Isabelle was less than pleased that she was going to accompany me to our community’s Reading of the Names Ceremony this afternoon. Part of me couldn’t blame her. After a full day of school and after school reading tutoring, how many eight year-olds would want to sit in synagogue… even if it was only for ten minutes. However, I told her it was our solemn obligation, as Jews, to remember the six million Jews who perished in the Holocaust.
Isabelle walked into synagogue with nothing more than a fidget cube and was given instructions not to use the noisy part of it. I invited her to sit with me, stand next to me as I read my pages of names, or to read a page herself.
During my first page of names, Isabelle sat quietly and watched.
By the second page of names, Isabelle stood up to see what I was reading from her seat.
She remained standing as I read the third page of names too.
Once I finished reading, I told her it was time to go. That’s when she floored me. “I want to stay,” she whispered.
I encouraged her to move back a few rows with me, but she didn’t. She stood as close to the lectern as possible so she could see other people reading the pages of names.
After a few minutes, I decided it was time to go. This is the first year I’ve touched upon the Holocaust at home — and I’ve purposefully kept it light.
On our way out of the synagogue, I asked her, “How are you feeling right now?”
“Sad,” she replied.
“I feel sad too. It’s hard to hear the names and ages of all of the people who were killed, isn’t it?” I asked.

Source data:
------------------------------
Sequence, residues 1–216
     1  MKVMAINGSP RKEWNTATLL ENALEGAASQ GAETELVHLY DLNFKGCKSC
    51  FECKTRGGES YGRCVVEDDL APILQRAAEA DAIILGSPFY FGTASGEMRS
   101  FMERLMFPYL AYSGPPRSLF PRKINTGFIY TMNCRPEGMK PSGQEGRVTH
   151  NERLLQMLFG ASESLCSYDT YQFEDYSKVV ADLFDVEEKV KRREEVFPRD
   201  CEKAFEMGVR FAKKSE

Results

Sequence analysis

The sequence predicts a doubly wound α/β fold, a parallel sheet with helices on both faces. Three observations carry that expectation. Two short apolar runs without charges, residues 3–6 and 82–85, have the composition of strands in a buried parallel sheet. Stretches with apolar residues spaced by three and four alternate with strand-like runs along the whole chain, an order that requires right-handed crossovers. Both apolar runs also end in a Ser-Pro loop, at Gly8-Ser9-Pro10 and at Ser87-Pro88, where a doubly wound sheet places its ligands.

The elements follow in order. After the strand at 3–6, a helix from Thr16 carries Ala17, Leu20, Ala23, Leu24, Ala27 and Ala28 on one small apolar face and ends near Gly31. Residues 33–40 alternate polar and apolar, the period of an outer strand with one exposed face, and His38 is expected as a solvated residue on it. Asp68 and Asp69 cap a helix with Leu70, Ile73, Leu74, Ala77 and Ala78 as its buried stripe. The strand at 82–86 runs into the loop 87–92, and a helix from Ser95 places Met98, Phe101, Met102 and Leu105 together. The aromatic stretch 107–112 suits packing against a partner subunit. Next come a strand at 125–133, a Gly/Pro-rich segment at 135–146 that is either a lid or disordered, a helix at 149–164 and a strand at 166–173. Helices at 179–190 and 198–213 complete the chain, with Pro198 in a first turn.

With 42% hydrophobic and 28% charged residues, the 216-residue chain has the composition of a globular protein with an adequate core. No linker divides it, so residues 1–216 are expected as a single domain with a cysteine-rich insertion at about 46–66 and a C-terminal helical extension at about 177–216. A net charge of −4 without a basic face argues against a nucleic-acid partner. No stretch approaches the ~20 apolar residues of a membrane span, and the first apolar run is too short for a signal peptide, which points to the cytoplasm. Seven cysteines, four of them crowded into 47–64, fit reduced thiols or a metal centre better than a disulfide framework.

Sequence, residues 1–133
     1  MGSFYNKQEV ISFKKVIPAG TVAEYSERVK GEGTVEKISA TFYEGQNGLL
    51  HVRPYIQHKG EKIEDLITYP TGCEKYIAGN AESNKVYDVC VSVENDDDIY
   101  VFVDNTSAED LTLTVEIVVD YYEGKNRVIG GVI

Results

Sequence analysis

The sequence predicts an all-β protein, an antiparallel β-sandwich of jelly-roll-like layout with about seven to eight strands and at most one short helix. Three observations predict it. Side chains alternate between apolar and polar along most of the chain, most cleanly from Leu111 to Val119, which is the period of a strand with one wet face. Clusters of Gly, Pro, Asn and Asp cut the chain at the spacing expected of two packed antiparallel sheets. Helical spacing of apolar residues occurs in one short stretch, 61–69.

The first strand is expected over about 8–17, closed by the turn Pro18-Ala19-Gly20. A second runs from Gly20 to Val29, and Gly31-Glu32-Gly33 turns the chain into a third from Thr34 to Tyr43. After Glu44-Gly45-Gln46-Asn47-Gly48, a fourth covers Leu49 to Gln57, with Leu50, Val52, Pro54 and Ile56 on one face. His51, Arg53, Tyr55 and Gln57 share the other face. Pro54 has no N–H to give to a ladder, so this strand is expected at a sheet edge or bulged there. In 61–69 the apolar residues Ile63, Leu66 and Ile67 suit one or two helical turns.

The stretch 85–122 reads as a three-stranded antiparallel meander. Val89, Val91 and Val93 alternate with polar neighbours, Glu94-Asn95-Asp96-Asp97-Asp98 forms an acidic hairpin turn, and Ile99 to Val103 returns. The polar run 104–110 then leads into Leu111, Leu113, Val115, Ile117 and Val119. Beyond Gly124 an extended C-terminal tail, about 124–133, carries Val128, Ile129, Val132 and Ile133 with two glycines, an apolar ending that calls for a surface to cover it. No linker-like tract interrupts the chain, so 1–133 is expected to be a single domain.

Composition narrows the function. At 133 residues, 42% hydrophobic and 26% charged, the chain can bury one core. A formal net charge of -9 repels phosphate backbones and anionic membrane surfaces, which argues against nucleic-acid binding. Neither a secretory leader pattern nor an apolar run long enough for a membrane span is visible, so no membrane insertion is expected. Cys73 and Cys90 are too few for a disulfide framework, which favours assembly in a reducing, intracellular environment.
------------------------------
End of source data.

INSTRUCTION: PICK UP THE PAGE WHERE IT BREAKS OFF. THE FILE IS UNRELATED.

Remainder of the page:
She nodded. “I heard the names of kids who were one. Why did they have to kill a baby who was one?”
Oh my G-d. So many answers. Which one do I choose?
“Because the Nazi were cruel. So very cruel,” I replied.
“It’s so sad,” she said.
“I know. Would a hug help?” I asked.
Isabelle rose from her seat and leaned-in for a hug.
On the drive home, Isabelle surprised me when she said, “Can I have peaceful music?” she asked.
I turned Symphony Hall on and we listened. A minute later she asked, “How did the people get killed.”
I was not about to tell her about the firing squads or the gas chambers. “In ways you’re not ready to hear about,” I replied.
“With a gun?” she asked.
“Some, yes. Others… by starvation. And others in ways that we’ll talk about as you get older.”
The conversation continued as we drove on. With every question I felt a bit more of her childhood innocence slipping away. However, I knew I hadn’t made the wrong decision to bring her when I finally asked, “Would you like to accompany me to the Reading of the Names next year?”
“Yes,” she answered immediately.
In synagogue, there’s a passage in the prayer book we sing entitled “L’dor v’dor,” which means “from generation to generation.” It often refers to the passing of spiritual knowledge from one generation to the next. Today, the responsibility for this tradition of keeping the memory of the six million Jews who perished in the Holocaust was passed from me to my daughter. It is my sincerest hope that my children will pass on this sacred responsibility to their children some day.